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Flare-On Challenge is an annual reverse engineering and hacking challenge created by the cybersecurity company
FireEye. It is designed to test the skills and knowledge of participants in various areas of cybersecurity, such as malware analysis, cryptography, network analysis, and exploit development. The challenge typically consists of a series of increasingly difficult levels, with each level presenting a unique set of challenges that must be solved in order to progress to the next level.
I will present my analysis and solution for the first challenge of the 2015
Flare-On challenge. I advise you to use the article if you are stuck or if you have already done the challenge, otherwise do it by yourself, it is the most formative.
Look at the challenge #
Before we start solving the challenge we can look at what it looks like and what we have to do.
As you can see the goal of the challenge is to find the valid password. This already gives us an idea of what we will have to look for during the reverse engineering.
Recon of the PE file #
Since this is the first challenge in the series, it is likely to be the easiest. Still, it is interesting to see if the executable is packed. To check we will use
Detect It Easy to see if the software detects a packer and take a look at the
entropy of the
PE file data.
Detect It Easy tells us that the challenge is a
PE32 file, which allows us to choose the right version of
IDA, and we learn that the file is not packed (which seems normal, we are only at the first challenge) by analyzing the
Code Analysis #
Now that we know that the file is not packaged and that we know its architecture we can start to analyse the challenge code. So first I load the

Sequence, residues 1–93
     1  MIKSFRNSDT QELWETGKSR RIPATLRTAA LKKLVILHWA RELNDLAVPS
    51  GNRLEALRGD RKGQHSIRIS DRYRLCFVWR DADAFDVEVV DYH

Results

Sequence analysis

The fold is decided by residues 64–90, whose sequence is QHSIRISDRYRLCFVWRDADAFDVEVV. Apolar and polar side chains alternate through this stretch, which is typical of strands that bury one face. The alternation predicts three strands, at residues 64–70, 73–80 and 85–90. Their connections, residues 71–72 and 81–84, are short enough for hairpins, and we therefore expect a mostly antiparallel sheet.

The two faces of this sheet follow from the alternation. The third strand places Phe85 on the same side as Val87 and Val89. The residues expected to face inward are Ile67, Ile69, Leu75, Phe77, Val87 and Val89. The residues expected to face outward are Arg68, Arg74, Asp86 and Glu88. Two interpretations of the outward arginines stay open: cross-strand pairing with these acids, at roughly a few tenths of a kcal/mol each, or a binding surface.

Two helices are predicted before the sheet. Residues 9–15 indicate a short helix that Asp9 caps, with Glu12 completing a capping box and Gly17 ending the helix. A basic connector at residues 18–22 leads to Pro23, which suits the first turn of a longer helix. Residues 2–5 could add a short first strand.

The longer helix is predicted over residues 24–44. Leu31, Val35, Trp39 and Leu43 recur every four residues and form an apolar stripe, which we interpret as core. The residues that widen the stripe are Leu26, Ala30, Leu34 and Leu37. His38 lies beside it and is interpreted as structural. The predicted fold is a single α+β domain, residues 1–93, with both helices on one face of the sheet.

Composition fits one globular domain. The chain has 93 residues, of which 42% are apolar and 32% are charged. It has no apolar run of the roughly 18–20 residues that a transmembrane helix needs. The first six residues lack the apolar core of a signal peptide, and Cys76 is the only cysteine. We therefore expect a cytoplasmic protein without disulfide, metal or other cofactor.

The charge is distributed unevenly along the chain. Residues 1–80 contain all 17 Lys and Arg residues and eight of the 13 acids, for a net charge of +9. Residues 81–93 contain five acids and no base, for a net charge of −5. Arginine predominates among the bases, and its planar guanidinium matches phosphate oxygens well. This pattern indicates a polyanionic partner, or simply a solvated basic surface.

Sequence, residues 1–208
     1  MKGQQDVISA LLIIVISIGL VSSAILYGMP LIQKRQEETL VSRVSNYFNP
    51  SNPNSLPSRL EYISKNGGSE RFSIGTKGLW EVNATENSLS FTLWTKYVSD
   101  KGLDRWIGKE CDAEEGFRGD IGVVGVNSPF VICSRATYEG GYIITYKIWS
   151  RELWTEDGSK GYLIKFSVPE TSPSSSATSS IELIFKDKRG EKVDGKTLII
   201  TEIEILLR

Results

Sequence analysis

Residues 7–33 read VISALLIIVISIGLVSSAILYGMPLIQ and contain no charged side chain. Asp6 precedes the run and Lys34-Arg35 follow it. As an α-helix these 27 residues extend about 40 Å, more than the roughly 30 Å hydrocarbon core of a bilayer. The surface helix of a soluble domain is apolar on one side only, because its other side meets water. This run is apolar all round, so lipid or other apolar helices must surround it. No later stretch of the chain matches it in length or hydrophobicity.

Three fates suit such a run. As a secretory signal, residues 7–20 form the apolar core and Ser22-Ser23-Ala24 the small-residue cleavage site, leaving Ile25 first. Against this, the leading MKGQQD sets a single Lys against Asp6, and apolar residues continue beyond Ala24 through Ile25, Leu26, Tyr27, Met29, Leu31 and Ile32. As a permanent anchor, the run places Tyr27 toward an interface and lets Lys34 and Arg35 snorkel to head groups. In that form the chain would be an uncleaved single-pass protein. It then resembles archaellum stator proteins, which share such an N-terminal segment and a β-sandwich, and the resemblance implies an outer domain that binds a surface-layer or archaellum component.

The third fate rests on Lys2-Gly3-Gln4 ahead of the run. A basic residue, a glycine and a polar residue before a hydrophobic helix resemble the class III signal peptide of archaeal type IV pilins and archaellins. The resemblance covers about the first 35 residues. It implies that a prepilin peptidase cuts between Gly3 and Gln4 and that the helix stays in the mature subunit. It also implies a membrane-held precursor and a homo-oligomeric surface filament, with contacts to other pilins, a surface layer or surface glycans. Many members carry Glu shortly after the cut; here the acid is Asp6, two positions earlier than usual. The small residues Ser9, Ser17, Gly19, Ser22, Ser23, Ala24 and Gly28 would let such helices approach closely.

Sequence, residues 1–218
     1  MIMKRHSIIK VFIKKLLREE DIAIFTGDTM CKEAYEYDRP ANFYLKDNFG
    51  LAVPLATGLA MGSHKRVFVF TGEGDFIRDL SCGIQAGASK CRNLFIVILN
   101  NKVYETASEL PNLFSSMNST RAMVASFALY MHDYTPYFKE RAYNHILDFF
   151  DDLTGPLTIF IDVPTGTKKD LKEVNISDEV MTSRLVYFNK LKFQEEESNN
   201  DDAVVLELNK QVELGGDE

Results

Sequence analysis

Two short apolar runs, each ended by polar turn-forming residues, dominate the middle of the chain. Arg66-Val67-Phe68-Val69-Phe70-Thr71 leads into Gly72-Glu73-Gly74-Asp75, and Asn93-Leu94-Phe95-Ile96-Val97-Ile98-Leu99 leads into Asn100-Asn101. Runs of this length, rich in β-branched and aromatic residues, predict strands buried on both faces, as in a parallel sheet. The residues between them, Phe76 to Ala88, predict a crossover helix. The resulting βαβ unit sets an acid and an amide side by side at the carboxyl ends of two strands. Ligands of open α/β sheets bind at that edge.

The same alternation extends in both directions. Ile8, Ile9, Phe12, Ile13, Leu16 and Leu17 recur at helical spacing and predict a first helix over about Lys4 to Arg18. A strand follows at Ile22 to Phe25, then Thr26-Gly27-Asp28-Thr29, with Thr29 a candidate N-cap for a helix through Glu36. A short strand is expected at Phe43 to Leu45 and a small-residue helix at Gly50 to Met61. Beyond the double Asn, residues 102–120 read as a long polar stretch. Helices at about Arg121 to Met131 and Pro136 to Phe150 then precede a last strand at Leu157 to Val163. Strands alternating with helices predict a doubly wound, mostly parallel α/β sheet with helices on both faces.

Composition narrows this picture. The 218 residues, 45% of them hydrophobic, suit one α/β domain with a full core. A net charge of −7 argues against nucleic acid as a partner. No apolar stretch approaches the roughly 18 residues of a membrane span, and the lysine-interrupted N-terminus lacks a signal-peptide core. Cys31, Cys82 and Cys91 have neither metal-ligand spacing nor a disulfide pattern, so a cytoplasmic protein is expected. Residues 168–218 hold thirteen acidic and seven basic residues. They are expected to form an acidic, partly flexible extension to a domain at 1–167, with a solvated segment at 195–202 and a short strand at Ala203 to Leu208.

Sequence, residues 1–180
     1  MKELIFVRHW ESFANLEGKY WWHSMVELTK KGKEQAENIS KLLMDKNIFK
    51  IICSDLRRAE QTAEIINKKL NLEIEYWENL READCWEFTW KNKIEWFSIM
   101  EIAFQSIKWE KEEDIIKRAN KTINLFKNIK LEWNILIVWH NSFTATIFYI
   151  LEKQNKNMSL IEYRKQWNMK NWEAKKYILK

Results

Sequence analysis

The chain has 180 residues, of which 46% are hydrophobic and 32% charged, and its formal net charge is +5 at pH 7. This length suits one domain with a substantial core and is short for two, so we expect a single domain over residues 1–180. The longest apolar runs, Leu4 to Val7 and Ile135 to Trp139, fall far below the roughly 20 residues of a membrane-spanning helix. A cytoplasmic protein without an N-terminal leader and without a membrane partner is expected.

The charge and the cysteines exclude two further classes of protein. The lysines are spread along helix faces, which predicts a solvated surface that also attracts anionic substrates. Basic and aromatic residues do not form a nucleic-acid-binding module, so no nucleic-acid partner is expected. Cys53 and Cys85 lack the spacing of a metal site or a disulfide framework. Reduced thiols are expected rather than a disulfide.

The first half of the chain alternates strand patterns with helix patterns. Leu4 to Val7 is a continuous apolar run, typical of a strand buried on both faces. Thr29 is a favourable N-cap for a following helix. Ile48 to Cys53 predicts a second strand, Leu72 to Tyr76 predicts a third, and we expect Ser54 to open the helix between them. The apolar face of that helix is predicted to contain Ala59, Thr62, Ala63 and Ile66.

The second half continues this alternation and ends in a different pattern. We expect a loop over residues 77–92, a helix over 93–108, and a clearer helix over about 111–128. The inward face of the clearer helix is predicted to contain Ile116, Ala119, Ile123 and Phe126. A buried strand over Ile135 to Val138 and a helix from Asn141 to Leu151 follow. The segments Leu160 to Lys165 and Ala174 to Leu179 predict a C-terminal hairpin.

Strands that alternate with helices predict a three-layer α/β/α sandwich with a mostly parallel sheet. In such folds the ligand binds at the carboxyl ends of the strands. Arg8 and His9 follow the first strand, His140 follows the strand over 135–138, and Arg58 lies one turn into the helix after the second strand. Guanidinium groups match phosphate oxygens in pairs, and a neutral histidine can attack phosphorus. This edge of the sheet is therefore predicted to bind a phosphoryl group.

PE file into
As you can see, there is very little code, only one function exists. The code can be split into 3 parts: first, requesting the password and retrieving the password entered by the user, then checking the validity of the password and finally displaying the error or success message. We will first focus on the recovery of the password and then reverse engineer the password check to find the valid password.
Password retrieval and display #
In this first part we will analyse how the program retrieves the password and how it displays messages in the console. Below, you can see the part that comes to ask for the password and retrieves it.
You can see that the program uses the functions
ReadFile, I will detail their use and with which parameters they are called.
The first function to be called is the
GetStdHandle function. This function is part of
WINAPI and retrieves a handle to the specified standard device (standard input, standard output or standard error). You can find the documentation for the function here.
This function has only one parameter and this parameter can only have 3 values :
UINT32) : this is the value corresponding to the standard console input and retrieves the text entered by the user.
UINT32) : this is the value corresponding to the standard console output and is used to display text in the console.